This week, Jewish families around the globe are gathering to celebrate Passover, the festival that commemorates the Israelites' deliverance from bondage and exodus from Egypt.
For most, the celebration is preceded by a period of intensive preparation that calls for special kosher for Passover dishes and cutlery, rigorous cleaning to purge homes of leavened products and grocery shopping and cooking for festive holiday meals.
With this year's observance beginning at sunset Saturday — the Sabbath — preparation for the festival must be even more meticulous. But in a growing trend, Jews are escaping the rigors of the holiday's preparations by booking special holiday cruises or taking off to hotels and resorts that cater to Passover's stringent obligations.
There's help for those who remain close to home, too. Jews living outside Israel are obligated to have two seders — the ritual Passover meal — so many Pinellas County congregations will host gatherings for their members and the Jewish community at large. Three of these communal gatherings will be in St. Petersburg and one in Gulfport. For the third year, a secular group will offer an "un-Seder for the unaffiliated and unconventional'' at a Courtney Campbell Parkway restaurant, promising to meet religious obligations and offer a bit of comedy.
The ceremonial seder meal is central to the holiday, featuring symbolic foods and a retelling of the Passover story from the Haggadah or service text. Seders traditionally are held on the first and second nights of the eight-day festival. (It's seven for most Reform Jews and those living in Israel.) The first night of the holiday usually is reserved for families and friends, so many congregations hold their seders on the second night.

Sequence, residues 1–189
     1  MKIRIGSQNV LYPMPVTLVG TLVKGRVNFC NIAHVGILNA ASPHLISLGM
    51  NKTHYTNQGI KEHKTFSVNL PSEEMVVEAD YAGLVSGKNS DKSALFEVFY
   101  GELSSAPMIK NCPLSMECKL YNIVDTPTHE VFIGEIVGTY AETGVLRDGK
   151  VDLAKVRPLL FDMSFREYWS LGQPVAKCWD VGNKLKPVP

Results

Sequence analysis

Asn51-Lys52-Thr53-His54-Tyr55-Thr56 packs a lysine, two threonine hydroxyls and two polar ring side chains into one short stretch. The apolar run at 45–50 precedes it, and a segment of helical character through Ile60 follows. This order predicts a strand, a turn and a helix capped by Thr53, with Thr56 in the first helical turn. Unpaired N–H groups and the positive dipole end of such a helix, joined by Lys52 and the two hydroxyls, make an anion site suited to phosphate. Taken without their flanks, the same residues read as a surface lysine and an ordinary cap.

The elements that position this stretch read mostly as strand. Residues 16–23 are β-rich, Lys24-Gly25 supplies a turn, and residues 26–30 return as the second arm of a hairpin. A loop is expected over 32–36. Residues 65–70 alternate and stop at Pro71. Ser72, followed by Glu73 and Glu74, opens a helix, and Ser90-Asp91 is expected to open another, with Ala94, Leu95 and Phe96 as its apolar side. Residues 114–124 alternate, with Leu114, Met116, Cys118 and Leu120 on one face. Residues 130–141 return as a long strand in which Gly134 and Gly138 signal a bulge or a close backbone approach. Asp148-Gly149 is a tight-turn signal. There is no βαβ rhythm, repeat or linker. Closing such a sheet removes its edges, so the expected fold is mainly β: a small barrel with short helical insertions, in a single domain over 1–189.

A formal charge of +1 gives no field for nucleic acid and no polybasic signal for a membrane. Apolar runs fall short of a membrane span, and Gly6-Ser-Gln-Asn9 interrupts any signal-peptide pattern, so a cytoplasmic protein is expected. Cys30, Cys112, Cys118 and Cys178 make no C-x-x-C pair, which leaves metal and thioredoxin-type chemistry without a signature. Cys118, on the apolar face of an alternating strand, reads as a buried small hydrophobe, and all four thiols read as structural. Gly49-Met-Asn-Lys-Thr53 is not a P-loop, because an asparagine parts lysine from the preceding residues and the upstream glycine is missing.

Congregation B'nai Israel, a Conservative synagogue, has been holding its second-night seder for at least three decades.
"It's to allow everyone in the Jewish community to attend a seder. In America today, we have a very mobile society. People aren't always together as a family. We're so disconnected,'' Rabbi Jacob Luski said.
Chabad Jewish Center is hosting its seder on the first night of the Passover holiday.
"At Chabad, our objective is to make our heritage accessible and meaningful to Jews of all backgrounds,'' Rabbi Alter Korf said.
With that in mind, the Chabad-Lubavitch movement to which Korf belongs has created a Web site, www.Chabad.org/Seders, that lists 2,091 seders the organization is hosting in 517 cities worldwide.
A diverse crowd is expected at the Rusty Pelican off the Courtney Campbell Parkway, where a group, the Kosher Hams, will present what is being billed as "Tampa Bay's only un-Seder.''
The event, for people over 21, is not a family seder, said Rande Friedman, producer of the program.
"We are a musical comedy seder,'' he said, adding that the event attracts everyone from college students to senior citizens.
"This year's theme is the elections. We're having debates to see which biblical character can get us out of Egypt. It's a fun time. We do a little parody and we do the real stuff.''
Waveney Ann Moore can be reached at firstname.lastname@example.org or (727) 892-2283.